Far more likely, the two sides would be exploring the ability for there to be some form of equity swap between BA and AA, both joint venture partners. DL has this with AF, KLM and VS, but it’s hampered by US regulations. It could well be that BA and AA would want to go further.

  2. If the Gulf states keep buying Boeing and US arms who knows Trump might let them fly limited domestic routes, say NY to LAX. Or LAX to NY to Dubai. It’s my understanding the Secretary of Transportation can suspend cabotage by executive order in some cases.

  3. LOL. Yes, BA might “love” that, but nobody is going to buy a ticket LHR-SFO with two layovers. Crazy stuff. What BA might want to do is fly a “triangle” to second-tier airports, so LHR-(city1)-(city2)-LHR/LHR-(city2)-(city1)-LHR, with the middle leg a short domestic hop, when city1 and 2 aren’t each big enough to warrant direct LHR service, but collectively they are. This would require 8th freedom rights, and sure, that might not be on the table — the UK is too small to offer an attractive level of reciprocity, while the EU isn’t, and US-EU also hasn’t made such an agreement. Full 9th freedom access to the US domestic market indeed seems unlikely, but also isn’t something BA would care about.

  4. I doubt that the UK ( or Europe for that matter) will be brow-beaten, bullied or blackmailed into taking more US agricultural produce…and certainly not the chlorinated chicken that has been contemplated in the media. It might be fine for Chick-Fil-a but won’t fly in London, Paris or Berlin.
    Salmonella infection is 7 times as high in the US as it is in countries with better food safety regimes, including the UK. Perhaps that’s part of the reason why the chicken needs to be bleached.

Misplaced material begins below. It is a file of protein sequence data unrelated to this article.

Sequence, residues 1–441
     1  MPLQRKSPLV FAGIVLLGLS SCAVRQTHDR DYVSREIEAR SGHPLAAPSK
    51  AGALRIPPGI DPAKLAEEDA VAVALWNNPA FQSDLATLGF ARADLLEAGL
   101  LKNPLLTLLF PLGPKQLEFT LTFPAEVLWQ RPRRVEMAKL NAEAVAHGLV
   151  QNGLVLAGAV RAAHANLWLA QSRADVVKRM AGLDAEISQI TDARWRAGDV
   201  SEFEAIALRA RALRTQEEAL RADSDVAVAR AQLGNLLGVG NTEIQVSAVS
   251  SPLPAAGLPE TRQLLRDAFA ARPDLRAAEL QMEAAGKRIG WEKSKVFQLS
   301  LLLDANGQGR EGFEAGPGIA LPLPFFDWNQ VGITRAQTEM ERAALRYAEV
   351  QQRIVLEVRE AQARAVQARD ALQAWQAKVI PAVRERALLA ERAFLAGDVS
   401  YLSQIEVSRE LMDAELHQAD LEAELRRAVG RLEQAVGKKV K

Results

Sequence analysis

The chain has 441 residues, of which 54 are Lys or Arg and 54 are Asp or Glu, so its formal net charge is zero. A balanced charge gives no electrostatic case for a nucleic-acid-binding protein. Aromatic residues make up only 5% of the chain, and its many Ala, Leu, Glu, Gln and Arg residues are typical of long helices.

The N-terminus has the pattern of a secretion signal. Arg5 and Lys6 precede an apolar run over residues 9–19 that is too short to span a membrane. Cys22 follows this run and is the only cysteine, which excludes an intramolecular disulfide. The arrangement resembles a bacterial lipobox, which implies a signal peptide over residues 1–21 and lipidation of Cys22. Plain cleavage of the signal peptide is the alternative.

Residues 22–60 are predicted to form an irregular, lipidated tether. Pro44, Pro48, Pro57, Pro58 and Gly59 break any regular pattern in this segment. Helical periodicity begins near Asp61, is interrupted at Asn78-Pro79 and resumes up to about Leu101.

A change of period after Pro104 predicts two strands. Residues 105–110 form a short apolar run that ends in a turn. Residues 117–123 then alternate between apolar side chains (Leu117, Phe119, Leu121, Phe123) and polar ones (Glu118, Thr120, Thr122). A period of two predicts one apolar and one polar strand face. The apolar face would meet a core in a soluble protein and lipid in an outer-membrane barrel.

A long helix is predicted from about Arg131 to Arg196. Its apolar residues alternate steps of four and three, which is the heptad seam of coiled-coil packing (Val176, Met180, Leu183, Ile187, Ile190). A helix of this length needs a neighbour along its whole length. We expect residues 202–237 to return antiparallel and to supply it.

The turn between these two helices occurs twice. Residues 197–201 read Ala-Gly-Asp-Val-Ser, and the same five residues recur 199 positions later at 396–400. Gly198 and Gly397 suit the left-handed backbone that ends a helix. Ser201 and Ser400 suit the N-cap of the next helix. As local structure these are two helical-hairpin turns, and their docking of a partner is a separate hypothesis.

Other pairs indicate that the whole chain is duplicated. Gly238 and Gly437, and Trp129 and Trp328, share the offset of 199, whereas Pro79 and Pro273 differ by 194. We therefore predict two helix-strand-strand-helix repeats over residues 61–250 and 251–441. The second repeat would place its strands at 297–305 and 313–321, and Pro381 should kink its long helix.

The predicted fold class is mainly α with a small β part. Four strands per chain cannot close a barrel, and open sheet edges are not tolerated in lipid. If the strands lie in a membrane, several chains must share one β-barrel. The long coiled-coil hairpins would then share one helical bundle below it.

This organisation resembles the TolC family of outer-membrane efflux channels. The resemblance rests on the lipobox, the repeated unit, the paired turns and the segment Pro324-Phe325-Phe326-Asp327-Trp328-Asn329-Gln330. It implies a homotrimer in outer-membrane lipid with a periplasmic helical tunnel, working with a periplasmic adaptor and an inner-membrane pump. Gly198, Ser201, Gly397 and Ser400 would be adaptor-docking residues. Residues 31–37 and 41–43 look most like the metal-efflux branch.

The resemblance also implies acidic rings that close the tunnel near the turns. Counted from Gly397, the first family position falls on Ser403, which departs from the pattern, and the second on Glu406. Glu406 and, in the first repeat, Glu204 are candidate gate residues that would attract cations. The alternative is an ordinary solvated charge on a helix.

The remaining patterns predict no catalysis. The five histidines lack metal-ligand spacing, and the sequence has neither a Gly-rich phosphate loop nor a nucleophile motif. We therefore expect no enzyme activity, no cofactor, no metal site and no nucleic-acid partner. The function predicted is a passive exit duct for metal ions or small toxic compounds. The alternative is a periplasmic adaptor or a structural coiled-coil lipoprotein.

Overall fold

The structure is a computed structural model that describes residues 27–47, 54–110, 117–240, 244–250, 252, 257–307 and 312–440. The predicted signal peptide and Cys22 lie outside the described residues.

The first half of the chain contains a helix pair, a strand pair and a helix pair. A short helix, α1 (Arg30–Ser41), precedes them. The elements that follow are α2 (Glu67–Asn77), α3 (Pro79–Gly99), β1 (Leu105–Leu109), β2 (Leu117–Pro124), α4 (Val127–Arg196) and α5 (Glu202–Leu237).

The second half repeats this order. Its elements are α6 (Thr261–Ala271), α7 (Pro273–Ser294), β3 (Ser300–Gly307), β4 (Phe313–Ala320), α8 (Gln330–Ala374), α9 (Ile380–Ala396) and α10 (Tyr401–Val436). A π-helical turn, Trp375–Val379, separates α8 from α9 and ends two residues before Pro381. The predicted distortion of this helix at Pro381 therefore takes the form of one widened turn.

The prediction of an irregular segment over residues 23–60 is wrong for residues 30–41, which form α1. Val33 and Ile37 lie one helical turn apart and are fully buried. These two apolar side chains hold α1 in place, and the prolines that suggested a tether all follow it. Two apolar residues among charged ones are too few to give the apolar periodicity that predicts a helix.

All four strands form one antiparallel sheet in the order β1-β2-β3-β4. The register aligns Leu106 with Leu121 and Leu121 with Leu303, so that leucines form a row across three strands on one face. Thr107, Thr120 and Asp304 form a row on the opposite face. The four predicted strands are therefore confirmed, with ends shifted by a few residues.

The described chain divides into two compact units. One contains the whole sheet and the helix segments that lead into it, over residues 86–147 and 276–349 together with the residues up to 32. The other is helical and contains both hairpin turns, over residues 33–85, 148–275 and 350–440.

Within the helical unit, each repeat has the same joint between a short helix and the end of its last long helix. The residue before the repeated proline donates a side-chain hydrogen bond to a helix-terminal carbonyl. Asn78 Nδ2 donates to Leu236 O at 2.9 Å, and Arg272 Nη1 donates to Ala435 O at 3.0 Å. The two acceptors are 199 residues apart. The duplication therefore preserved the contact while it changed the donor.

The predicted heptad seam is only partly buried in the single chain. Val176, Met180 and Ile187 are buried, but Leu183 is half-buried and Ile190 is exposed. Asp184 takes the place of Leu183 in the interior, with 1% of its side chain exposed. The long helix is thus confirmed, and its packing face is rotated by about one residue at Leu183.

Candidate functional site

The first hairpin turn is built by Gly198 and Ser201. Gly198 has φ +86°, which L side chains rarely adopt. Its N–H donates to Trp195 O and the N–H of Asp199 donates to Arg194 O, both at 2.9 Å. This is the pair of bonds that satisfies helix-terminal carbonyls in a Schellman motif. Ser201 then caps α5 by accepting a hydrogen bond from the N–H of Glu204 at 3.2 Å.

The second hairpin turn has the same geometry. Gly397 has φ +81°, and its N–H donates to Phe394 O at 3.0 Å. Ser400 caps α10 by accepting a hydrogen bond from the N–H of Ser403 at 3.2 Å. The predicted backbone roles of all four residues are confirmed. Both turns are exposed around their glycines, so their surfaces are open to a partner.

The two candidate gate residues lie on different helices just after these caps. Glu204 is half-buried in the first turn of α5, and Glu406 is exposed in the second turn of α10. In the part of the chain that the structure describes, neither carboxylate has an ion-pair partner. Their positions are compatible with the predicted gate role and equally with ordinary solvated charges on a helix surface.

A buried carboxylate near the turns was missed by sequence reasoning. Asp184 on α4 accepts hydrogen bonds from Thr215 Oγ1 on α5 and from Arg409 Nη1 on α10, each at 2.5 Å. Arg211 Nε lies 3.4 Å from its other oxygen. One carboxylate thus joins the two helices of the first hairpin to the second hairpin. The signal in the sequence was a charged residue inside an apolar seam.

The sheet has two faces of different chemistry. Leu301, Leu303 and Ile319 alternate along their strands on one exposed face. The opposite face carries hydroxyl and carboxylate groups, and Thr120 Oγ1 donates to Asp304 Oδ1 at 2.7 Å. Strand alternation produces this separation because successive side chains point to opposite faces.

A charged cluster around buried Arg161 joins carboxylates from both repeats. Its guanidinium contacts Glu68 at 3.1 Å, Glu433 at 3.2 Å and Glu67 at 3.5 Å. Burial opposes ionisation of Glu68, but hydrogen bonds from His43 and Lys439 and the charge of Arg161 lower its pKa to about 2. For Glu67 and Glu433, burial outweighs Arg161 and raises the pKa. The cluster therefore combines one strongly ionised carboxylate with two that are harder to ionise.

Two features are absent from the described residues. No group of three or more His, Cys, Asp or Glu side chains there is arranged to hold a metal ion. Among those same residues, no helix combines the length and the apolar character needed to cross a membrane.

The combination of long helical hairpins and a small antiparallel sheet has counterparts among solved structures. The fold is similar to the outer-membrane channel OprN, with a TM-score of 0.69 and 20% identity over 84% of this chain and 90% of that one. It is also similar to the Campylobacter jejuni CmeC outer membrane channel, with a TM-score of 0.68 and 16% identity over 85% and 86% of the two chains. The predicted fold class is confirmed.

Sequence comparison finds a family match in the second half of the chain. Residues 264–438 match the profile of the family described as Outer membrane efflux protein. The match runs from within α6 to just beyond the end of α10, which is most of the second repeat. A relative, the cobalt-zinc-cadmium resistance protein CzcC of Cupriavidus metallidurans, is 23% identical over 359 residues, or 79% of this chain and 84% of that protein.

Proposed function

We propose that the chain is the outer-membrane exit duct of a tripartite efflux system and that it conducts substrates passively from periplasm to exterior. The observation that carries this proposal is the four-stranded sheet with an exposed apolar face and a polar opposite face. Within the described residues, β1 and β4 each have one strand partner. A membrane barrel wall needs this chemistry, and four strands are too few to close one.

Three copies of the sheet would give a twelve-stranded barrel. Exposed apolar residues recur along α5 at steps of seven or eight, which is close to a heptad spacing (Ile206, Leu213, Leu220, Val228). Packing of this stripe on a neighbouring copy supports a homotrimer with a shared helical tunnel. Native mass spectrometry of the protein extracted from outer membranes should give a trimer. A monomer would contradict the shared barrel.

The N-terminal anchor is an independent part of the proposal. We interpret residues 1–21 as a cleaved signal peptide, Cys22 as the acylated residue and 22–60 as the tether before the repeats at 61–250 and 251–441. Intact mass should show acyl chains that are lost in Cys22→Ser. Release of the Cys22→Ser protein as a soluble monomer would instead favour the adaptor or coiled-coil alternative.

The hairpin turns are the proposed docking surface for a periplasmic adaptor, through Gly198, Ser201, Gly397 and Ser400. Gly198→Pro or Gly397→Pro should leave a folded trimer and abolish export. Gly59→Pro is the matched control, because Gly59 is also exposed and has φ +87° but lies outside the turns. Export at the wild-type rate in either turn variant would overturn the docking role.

And there’s no way imaginable that any country will accept higher prices for medicine. Boris will have the fastest fall from Grace in history if he even considers it. It’s not going to happen, and neither will this BA idea for domestic flights.

  5. Yeah…. The odds of the U.S. granting cabotage rights are approximately zero. I would also point out that this is hardly limited to “U.S. protectionism.” Almost every country on Earth refuses to grant cabotage rights with the only particularly notable exception being that EU countries grant them to each other.

  6. It is funny that America claims to be the home of capitalism and free markets and yet it has strict cabotage vis-a-vis airlines and cargo shipping. At least airlines aren’t required to have US-built, US-flagged and US-crewed planes, unlike maritime shippers.

  7. In the past didn’t British Airways fly LHR-DFW–IAH-LHR with no local passengers between DFW-IAH? I believe it was considered a thru flight at IAH (Houston) with a ground time of 30 minutes.

  8. John C,

    There was a codeshare with Braniff on the concorde with both BA and AF that allowed Braniff to operate the DFW-IAD-DFW portion of the flight in order to get around the cabotage laws.

  9. Kim Darroch, the former ambassador, 20 or 30 steps removed from power knows how the negotiation is going to go. I hear 10 such “experts” on Bloomberg News every day.

  10. Ba should relocate to term8 at jfk and then allow passengers to connect to any us domestic American airlines flight